Human metapneumovirus infection   02/12/24

Human metapneumoviruses cause upper respiratory tract infections (rhinitis, pharyngitis, sinusitis) to lower respiratory tract infections (bronchitis, bronchiolitis, pneumonia) in all age groups. The majority of cases are presumed to be upper respiratory tract infections, but lower respiratory tract infections are more common in infants and the elderly.
The incubation period is 4 to 6 days, viral load is high 1 to 4 days after fever, and viral excretion continues for 1 to 2 weeks. However, since many patients have mild disease, it is difficult to control the spread of infection by testing, and antigen testing should not be performed blindly on children with mild disease in order to prevent epidemics.
Since there are no antiviral drugs available, treatment is symptomatic and depends on the severity of symptoms, and testing does not change the course of treatment.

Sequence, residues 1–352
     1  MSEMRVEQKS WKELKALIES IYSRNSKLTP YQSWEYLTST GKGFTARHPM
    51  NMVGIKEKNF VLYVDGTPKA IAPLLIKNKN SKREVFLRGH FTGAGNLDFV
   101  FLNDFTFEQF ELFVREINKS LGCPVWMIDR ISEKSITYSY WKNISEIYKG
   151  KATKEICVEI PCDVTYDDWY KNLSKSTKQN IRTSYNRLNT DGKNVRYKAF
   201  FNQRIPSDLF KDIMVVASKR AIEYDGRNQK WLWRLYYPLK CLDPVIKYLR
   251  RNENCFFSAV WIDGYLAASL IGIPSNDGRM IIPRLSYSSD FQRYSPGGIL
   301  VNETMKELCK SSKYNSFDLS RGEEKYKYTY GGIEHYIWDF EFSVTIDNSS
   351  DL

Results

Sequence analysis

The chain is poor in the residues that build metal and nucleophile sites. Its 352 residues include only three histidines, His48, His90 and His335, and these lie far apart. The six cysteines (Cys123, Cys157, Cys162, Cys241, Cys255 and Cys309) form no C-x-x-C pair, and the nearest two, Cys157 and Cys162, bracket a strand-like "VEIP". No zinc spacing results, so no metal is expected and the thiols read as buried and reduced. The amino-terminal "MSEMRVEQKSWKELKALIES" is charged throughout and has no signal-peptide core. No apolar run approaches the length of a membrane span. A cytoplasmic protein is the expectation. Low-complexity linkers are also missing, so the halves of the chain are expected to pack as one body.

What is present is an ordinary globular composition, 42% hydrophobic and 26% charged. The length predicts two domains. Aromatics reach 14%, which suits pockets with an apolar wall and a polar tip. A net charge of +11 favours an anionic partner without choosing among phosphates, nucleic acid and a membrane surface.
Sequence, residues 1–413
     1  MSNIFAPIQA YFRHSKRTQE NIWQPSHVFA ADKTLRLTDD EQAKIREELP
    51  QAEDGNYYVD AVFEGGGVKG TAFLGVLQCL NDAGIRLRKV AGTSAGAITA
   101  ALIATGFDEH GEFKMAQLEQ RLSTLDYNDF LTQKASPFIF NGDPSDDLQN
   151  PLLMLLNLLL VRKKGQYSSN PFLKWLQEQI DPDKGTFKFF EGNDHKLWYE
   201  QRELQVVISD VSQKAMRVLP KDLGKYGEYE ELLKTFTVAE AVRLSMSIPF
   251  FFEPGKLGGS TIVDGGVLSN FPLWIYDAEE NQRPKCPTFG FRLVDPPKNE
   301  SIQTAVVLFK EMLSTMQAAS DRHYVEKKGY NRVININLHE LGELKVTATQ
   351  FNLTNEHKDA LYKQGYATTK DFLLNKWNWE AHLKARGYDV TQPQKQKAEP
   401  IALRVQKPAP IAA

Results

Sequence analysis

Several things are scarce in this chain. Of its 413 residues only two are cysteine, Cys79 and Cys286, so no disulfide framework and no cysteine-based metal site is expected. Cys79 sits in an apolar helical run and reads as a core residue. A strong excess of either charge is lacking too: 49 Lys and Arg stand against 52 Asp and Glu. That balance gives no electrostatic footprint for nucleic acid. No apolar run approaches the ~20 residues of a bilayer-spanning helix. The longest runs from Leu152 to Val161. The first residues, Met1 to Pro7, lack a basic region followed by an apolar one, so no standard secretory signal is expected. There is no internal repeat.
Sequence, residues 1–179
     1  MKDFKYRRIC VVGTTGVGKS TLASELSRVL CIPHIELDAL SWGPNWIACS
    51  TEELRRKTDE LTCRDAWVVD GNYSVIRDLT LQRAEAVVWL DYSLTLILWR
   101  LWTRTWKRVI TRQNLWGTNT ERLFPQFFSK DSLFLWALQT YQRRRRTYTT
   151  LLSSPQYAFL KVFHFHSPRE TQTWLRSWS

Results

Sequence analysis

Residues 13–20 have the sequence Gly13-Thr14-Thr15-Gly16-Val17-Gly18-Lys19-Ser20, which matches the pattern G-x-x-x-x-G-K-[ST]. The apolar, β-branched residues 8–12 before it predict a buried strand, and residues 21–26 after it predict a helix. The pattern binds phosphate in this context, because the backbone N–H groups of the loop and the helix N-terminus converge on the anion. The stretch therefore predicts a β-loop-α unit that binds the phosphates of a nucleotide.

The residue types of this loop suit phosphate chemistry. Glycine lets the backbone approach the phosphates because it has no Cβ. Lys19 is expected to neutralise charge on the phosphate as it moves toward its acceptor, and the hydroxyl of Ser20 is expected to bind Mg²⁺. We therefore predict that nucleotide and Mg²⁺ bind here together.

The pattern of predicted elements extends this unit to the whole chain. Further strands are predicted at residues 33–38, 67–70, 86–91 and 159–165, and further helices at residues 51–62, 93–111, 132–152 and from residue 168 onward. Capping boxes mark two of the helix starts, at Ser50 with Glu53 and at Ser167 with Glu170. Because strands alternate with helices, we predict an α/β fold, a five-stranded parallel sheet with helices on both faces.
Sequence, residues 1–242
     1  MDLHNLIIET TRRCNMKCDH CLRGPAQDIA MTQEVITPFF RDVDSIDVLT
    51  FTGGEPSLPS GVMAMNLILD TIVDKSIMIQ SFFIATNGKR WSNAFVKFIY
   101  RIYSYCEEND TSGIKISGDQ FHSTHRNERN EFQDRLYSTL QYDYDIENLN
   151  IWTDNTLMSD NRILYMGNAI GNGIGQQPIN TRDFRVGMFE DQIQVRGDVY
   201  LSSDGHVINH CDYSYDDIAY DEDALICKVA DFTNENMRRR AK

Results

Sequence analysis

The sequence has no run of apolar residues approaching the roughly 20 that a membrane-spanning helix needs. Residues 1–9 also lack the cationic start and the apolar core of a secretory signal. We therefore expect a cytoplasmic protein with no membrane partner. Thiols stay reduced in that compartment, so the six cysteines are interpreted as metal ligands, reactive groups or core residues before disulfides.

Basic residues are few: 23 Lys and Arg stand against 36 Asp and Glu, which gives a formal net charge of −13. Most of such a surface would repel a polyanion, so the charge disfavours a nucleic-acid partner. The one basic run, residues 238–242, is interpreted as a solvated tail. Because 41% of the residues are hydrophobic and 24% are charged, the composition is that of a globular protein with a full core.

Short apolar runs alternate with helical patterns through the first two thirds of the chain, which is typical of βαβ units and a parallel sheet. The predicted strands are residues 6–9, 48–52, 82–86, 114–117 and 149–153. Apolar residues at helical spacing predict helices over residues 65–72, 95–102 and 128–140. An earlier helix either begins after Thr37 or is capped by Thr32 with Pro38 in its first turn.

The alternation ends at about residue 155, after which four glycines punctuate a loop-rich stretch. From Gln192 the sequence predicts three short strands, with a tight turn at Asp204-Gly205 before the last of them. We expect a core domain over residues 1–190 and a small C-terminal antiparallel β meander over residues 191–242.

In cases of secondary bacterial infections, antibiotics should be used, and in children with bronchial asthma, treatment of the asthma will be necessary.
Lower respiratory tract inflammatory symptoms, such as a fever that lasts about 5 days like the flu and respiratory symptoms like RS virus infection, may occur together.
First infection begins at 6 months of age, 50% at 2 years of age, 75% at 5 years of age, and once by 10 years of age at the latest, but a single infection does not confer lifelong immunity, and re-infection occurs over and over.
Severe cases are more common in infants over 1 year of age, although RS virus is more common in infants under 6 months of age.
Epidemics occur from February to June after the influenza pandemic, often peaking in March and April.